The llama belongs to the Camelid family. The llama is endemic to the high Andes of South America and has been domesticated for many centuries. They are one of the oldest domesticated animals. They provided their Peruvian masters with meat, wool, and hides. Their faeces were used as fuel. They were, and still are, used as work animals, primarily as beasts of burden. Llamas are very sure-footed. Pack trains of several hundred llamas carry goods through the rough terrain of the Andes. When in good health and well conditioned, a llama can carry 1/4 or slightly more of its bodyweight.
There is quite a variation in the llama world. The average weight is somewhere between 250 and 400 pounds with the height being 5 to 6 feet at the head. Like the camel, the llama has a long neck but it does not have a hump.
The long ears are curved inwards slightly. These are carried in an erect manner although they can be flattened when the animal is upset. The eyes are large and doe-like. The upper lip is cleft and prehensile and can be used for grasping. Being a ruminant there are no front teeth on the upper jaw.
The foot is cloven and formed of two soft pads which have leathery bases. There are two toes, each with a hard nail. The soft pads make little impact on the environment. Llamas have a short tail. Llamas live for around 25 years with females having a reproductive life of 15 to 20 years.
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training, and managing llamas
The coat of the llama consists of long, coarse guard hairs and an undercoat of shorter, lightweight fibres. The staple varies from 3 to 12 inches in length. The wool is grease-free. The guard hairs aid in the circulation of air and the undercoat provides warmth. Llamas come in a huge variety of colours and patterns.
Llamas are intelligent and sensitive. They are social creatures and like company. They are gentle and curious. They have a common sense approach to life and a generally calm nature. Llamas communicate through the body language of the ear, body and tail. They 'cluck' when annoyed and scream when fighting or if incensed. They also have a shrill alarm call and will 'hum' to other llamas, their cria or when lonely.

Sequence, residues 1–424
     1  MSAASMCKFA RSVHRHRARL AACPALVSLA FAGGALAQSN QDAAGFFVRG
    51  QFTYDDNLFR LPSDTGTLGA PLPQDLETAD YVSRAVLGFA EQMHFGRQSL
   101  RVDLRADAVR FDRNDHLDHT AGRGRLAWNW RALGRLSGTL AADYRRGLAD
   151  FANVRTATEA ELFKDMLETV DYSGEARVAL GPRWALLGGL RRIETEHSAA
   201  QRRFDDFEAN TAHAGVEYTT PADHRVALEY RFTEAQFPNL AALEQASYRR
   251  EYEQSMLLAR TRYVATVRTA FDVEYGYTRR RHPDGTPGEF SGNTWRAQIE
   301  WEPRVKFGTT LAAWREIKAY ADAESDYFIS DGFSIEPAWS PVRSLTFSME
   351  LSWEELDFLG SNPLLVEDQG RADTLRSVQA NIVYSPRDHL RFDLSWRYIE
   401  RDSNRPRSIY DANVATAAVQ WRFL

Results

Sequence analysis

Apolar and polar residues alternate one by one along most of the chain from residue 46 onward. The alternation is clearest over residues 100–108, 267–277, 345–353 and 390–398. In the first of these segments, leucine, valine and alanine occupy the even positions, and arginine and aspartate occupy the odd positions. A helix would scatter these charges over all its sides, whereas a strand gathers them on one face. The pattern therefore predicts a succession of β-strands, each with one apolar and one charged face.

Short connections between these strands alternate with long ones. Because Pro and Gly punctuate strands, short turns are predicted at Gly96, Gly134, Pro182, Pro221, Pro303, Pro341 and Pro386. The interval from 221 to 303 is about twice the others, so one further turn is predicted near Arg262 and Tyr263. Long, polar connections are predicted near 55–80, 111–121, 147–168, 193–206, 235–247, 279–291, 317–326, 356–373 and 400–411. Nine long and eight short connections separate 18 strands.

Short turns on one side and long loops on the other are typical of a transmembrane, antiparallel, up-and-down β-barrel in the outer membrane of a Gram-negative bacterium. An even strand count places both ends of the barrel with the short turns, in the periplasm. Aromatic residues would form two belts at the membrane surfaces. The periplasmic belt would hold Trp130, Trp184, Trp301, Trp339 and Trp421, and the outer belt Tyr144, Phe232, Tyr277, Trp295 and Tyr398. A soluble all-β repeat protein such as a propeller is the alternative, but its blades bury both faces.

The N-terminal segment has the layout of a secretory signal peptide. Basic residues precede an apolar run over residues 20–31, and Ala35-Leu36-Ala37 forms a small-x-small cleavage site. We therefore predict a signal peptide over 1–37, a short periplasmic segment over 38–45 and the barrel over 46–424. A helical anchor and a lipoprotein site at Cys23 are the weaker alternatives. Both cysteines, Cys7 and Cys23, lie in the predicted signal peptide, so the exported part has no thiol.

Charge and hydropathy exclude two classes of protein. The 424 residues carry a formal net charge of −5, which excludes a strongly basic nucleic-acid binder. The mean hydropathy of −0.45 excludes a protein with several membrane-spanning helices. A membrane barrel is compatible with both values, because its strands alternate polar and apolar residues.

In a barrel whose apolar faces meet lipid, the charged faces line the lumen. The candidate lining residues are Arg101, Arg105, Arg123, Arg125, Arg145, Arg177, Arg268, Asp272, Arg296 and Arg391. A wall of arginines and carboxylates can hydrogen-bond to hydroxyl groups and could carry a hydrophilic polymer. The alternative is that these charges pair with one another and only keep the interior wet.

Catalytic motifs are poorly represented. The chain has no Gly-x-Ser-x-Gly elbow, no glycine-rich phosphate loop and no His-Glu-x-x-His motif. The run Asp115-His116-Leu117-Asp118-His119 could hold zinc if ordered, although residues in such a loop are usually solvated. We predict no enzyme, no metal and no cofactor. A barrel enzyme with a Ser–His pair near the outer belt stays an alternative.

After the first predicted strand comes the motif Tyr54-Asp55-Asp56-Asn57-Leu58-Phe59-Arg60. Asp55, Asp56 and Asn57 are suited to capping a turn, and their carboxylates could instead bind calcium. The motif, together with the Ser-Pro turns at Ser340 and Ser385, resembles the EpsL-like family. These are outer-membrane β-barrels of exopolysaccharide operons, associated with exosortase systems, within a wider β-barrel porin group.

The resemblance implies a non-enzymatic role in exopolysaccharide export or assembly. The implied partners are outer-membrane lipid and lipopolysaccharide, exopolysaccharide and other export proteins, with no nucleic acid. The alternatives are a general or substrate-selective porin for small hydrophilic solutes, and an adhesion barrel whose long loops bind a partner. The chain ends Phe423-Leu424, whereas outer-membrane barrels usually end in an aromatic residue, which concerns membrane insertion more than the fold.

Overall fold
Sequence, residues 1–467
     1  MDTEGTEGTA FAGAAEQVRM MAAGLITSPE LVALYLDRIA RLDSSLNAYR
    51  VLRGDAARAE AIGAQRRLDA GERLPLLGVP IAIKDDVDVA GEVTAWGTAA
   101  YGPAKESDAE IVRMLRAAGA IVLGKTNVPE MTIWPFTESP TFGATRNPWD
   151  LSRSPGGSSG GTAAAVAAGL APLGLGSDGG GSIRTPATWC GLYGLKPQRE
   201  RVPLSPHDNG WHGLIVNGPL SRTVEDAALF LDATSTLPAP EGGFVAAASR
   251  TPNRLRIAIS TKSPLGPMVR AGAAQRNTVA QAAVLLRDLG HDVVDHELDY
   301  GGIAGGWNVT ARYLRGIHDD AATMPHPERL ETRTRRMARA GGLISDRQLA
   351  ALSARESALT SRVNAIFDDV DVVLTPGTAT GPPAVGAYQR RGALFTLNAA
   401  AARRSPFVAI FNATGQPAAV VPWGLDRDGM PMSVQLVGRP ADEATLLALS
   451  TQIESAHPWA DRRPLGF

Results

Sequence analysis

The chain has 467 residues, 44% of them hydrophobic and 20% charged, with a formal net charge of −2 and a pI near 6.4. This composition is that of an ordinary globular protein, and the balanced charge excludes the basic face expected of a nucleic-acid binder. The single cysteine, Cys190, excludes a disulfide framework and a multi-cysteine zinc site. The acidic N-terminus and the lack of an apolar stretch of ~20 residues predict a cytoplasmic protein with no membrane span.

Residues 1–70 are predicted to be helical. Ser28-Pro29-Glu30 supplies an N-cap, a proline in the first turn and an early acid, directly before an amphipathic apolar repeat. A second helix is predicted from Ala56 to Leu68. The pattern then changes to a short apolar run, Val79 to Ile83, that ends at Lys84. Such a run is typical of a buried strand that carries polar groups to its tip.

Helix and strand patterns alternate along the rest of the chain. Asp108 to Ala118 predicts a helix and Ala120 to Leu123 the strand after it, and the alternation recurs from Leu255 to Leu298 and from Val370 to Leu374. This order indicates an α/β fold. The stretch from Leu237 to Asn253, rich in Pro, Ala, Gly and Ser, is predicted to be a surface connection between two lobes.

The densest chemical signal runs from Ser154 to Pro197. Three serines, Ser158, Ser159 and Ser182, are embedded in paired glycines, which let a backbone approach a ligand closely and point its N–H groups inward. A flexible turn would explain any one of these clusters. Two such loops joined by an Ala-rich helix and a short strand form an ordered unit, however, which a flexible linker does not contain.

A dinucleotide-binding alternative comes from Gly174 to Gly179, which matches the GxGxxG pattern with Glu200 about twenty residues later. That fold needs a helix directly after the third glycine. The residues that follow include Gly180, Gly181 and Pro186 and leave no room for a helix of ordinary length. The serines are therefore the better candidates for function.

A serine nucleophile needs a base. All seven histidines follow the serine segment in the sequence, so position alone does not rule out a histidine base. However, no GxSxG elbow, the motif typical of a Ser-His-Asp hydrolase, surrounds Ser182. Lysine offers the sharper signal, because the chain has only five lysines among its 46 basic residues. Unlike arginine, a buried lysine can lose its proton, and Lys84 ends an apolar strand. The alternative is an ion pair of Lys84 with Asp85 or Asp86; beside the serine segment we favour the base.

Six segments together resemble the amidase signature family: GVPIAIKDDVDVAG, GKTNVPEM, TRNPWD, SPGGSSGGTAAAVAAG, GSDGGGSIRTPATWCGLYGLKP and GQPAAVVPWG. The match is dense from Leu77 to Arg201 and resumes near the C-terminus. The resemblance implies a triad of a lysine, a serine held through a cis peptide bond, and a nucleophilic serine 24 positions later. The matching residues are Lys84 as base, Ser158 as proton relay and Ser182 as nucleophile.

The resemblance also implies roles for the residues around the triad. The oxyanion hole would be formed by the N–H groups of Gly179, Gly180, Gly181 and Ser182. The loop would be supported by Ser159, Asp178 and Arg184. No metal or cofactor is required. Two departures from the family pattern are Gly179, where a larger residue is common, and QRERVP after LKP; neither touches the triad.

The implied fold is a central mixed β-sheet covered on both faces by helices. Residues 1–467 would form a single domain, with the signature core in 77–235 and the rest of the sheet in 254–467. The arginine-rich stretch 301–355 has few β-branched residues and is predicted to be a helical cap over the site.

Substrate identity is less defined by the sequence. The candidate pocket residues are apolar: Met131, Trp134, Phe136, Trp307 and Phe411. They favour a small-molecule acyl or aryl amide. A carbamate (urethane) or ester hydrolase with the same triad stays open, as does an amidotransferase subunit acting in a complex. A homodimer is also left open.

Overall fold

Llamas will normally spit only when under duress. In a herd situation, spitting warns others to keep away. Spitting may also be used to establish a pecking order within the herd. Llamas spit at humans when they feel threatened or when they feel they become annoyed. Before spitting the llama will lift its nose and hold the ears close to the neck.
While there are no 'breeds' of llama, there are several ways of classifying llamas. They can be classified according to their coat. Heavy-woolled llamas have a lot of wool on the body and neck with slightly less on the head and legs. Medium-woolled llamas have a moderate amount of wool on the body and neck with less on the head and legs and light-woolled animals have very little body wool, short wool on the neck and the head, ears and legs are smooth.
Llamas can also be classed as Chilean (medium height, very thick wool), classic (very tall, light build, short coat), Bolivian (shortish, very long staple, hair in the ears) and Argentinean (medium size, fine fibre, no hair in the ears).
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llamas and alpacas.
Llamas are ruminants (cud-chewing) with a three- rather than a four-compartment stomach. Their protein requirements are relatively low and under reasonable conditions, they will do nicely on pasture or hay.
The faeces of llamas are pelleted and are virtually odourless. Communal dung heaps are created in an area and used by all animals. Thus fly problems are reduced, there is minimal parasitic contamination and cleaning of yards and paddocks is made much easier for owners and breeders. The digestive system of the llama also assists in eliminating the introduction of noxious weeds.
The female does not ovulate until 24 to 36 hours after she has been bred (induced ovulation). Unusually for large animals, mating takes place with the female sitting down. Mating may take from 20 to 45 minutes, an inordinately long time for a large animal.
The gestation period is 350 days. It is common for females to have their first offspring at 14 to 18 months of age although males may be three years old before they are sexually mature. A single baby (cria) is born generally during daylight hours and with the mother standing. It is rare for a female to have twins. Cria weigh between 18 and 35 pounds when born and are quick to find their feet and nurse. The tongue of the llama extends outside the mouth only about half an inch so cria are not licked dry. The mother nuzzles the cria and hums to it. Weaning normally occurs at 5 to 6 months of age.
Llama wool is luxurious and keenly sought after by spinners and weavers. It is lightweight, warm and oil free.
Depending on the quality of the wool, it may be used for rope, blankets, serviceable or fine clothing. Llamas may be used as pack animals, pets, guard animals (usually for flocks of sheep), wool producers and draught animals.
Llamas are hardy, healthy animals and are almost disease-free. They are also low maintenance. It is believed there are now some 100,000 llamas in the United States.